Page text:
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Allegations of ‘false statements’ fly as mayoral candidates spar over police accountability – Boston, Massachusetts

Boston, Massachusetts 2021-10-19 22:25:23 –


Politics

“I was disappointed to see the false statement made here.”

On October 19, 2021, Michelle Wu city council member (left) and Annissa Essaibi George city council member participated in the mayor’s debate on NBC10. Mark Garfinkel / NBC10 Boston

Allegations of false statements were fired by both sides shortly after the penultimate mayoral debate on Tuesday. Sponsored by NBC10 Boston..

Moderator Latoyia Edwards asked the candidate how to tackle the responsibility of police officers. Grand Councilor Annissa Essaibi George responded first, stating that the Boston Police Department’s Task Force recommendations would be implemented soon.

“Councilor Wu has not promised to do them,” she said. “The task force has spent hundreds of hours implementing recommendations due to increased transparency, increased accountability, faster accountability, and increased transparency and unit-wide diversity. … I would like to understand the efforts of Congressman Wu in this area to ensure a safe and fair city. “

Recommendations from the Boston Police Department Reform Task Force Made in October 2020, Under the leadership of former Mayor Marty Walsh. They focused on five major reforms: police accountability and the creation of independent offices of transparency, the creation of diversity and inclusive units to expand diversity, and cameras worn. Expanding the program, strengthening the use of force policy, and adopting and transparency practices that maximize accountability.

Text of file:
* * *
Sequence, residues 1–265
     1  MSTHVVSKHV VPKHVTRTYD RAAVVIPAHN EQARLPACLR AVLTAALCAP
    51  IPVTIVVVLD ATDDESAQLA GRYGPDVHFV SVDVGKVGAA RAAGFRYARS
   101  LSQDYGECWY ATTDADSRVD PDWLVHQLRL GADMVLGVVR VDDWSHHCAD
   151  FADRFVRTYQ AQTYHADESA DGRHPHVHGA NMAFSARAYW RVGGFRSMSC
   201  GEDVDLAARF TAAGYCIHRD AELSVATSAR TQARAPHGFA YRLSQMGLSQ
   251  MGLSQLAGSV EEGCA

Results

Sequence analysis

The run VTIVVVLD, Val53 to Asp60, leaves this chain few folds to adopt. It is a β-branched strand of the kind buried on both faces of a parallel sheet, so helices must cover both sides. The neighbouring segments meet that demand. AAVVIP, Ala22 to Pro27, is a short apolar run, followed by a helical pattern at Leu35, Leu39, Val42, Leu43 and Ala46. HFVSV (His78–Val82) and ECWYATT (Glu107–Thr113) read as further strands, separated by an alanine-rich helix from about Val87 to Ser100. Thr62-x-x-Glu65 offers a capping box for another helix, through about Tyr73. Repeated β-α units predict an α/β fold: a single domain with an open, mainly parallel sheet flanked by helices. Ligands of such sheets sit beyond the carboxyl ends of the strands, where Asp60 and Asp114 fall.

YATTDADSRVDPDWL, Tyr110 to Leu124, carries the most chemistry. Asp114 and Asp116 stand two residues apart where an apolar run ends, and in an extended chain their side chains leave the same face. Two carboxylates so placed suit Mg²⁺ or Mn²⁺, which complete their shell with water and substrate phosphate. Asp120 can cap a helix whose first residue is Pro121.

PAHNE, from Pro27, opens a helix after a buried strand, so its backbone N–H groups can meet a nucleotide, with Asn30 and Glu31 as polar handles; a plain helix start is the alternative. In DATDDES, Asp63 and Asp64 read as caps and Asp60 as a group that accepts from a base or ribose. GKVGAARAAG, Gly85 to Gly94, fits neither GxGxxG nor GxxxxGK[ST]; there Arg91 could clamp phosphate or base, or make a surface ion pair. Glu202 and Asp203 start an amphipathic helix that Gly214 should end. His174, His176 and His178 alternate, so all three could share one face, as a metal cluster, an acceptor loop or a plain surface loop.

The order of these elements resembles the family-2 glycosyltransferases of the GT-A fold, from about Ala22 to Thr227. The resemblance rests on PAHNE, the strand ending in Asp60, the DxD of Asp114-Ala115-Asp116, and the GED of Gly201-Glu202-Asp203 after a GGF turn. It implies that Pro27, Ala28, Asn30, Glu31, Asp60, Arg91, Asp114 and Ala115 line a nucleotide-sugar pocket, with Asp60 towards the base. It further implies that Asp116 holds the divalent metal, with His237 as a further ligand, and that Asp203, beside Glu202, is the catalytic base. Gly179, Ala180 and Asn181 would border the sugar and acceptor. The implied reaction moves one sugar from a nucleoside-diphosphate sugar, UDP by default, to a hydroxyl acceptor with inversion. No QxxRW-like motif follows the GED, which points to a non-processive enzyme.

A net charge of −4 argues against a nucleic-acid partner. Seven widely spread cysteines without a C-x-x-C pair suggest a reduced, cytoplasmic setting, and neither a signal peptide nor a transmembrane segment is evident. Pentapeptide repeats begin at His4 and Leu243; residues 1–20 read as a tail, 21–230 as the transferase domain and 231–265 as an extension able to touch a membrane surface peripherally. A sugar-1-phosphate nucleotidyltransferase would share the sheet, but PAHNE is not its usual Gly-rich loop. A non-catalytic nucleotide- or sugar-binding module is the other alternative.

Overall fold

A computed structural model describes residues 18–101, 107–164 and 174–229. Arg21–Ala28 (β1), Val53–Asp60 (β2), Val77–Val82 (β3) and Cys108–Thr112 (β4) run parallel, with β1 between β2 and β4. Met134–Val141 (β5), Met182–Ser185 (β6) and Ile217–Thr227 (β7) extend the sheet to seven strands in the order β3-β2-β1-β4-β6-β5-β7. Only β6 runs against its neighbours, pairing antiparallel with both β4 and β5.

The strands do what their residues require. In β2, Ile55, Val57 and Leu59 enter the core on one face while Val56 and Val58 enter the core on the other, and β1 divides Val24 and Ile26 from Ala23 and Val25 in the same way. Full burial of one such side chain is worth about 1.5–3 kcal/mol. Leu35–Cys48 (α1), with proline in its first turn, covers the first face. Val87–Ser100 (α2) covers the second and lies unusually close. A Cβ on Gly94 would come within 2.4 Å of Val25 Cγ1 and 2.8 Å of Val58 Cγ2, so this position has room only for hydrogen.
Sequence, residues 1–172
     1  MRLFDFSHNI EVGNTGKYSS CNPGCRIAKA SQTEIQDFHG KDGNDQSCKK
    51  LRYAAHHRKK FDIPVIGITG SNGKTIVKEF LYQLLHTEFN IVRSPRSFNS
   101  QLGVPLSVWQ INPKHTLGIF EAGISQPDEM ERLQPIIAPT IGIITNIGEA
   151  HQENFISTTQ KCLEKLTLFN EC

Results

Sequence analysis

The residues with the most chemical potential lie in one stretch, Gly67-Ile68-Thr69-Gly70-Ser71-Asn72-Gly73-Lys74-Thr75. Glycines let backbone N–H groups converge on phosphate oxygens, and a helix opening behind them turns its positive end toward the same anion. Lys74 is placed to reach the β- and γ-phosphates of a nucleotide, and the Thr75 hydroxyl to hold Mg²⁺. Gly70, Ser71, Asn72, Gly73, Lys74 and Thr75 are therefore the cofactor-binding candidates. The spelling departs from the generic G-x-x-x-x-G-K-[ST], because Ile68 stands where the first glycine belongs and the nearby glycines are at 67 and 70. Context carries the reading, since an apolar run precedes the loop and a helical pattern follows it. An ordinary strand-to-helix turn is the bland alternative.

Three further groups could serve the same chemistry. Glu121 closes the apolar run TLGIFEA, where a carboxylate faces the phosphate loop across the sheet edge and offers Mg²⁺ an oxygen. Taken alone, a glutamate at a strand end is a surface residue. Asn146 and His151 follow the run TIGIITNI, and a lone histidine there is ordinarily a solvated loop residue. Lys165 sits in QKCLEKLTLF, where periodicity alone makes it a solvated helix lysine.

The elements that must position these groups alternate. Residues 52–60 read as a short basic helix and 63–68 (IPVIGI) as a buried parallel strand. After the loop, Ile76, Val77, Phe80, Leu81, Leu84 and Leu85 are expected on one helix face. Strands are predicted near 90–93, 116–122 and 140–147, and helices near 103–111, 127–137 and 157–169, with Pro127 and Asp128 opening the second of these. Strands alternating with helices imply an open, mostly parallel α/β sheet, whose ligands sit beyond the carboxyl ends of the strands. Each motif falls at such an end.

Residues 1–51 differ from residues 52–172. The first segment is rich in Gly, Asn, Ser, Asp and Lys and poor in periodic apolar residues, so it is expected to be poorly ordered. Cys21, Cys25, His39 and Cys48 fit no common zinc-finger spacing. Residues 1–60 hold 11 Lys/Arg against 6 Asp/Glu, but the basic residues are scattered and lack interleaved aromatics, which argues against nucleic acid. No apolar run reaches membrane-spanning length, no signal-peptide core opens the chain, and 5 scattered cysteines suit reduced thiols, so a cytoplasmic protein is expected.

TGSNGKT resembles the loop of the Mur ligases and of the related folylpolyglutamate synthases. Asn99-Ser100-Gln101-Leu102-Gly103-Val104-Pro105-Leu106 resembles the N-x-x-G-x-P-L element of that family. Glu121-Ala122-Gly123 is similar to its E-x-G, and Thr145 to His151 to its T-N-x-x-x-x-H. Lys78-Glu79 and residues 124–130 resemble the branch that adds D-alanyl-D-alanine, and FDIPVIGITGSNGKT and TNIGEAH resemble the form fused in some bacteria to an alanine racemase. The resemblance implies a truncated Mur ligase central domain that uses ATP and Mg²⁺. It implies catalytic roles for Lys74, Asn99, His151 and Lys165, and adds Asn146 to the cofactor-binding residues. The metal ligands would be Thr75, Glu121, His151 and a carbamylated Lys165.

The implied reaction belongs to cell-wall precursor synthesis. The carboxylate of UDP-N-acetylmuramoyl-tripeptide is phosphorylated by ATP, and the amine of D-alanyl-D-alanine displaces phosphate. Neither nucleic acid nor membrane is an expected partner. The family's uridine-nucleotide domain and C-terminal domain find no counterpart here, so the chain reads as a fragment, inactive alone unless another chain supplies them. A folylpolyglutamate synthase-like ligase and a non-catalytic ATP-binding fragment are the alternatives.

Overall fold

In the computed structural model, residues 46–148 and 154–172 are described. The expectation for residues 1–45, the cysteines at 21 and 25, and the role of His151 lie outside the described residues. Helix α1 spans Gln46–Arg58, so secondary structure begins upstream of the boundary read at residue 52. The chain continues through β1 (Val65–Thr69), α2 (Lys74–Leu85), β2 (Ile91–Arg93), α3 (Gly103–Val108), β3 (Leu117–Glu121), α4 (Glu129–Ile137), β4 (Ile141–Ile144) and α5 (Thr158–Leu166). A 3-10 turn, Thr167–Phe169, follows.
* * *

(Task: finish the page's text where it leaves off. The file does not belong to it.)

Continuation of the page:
Michelle Wie, a councilor, said he was proud to be consistently pushing for the necessary reforms while serving as a city council member.

“I’m disappointed to see the false statements made here,” she said. “I was one of the first elected officials to come out in support when the Task Force recommendations were introduced … In this race, we will continue the status quo of choosing only to bite the edge of change. There is a clear difference in that. It really ensures that the community is involved to provide the bold changes that are needed or possible at this moment. “

Wu spoke of her leadership in legislation banning “racist surveillance techniques” and worked with colleagues to promote different responses to calls for a mental health crisis. In response to Wu’s comment on the call for a mental health crisis, Esaibi George said Wu made a false statement.

“You acknowledge what I have done as a member of the city council,” said Esaibi George. “It’s my job … it led to having 19 clinicians working every day to respond to the mental health crisis throughout our city. It’s not your job, trust it. please do not.”

Essaibi George, in collaboration with former city council member and current member of the House of Representatives, Ayanna Pressley, noted the shortage of mental health clinicians working with Boston police. Back to 2017, When only two clinicians ride with the officer. September 2020, The number has risen to 19 The city has reassigned part of the BPD’s overtime budget to fund the position.

Wu argued that 19 clinicians were not yet sufficient.

“Reaching even 19 clinicians is far from the scale of change required,” Wu said. “There are hundreds of thousands of inhabitants in our city who are looking for a better response to the crisis. They are … the status quo is not working, it is not helping the inhabitants well, it is not the only one, and We say we need to do better .. I will step up and get this done quickly. “

Esaibi George said she has already stepped up.

“I have already started the job,” she said. “Clinicians, crisis response, improved training, attendance at call centers, that’s the job I did, including making sure that every school has a full-time mental health clinician. increase.”

Before moving on, Edwards called it the “spiritual part” of the debate.



Allegations of ‘false statements’ fly as mayoral candidates spar over police accountability Source link Allegations of ‘false statements’ fly as mayoral candidates spar over police accountability

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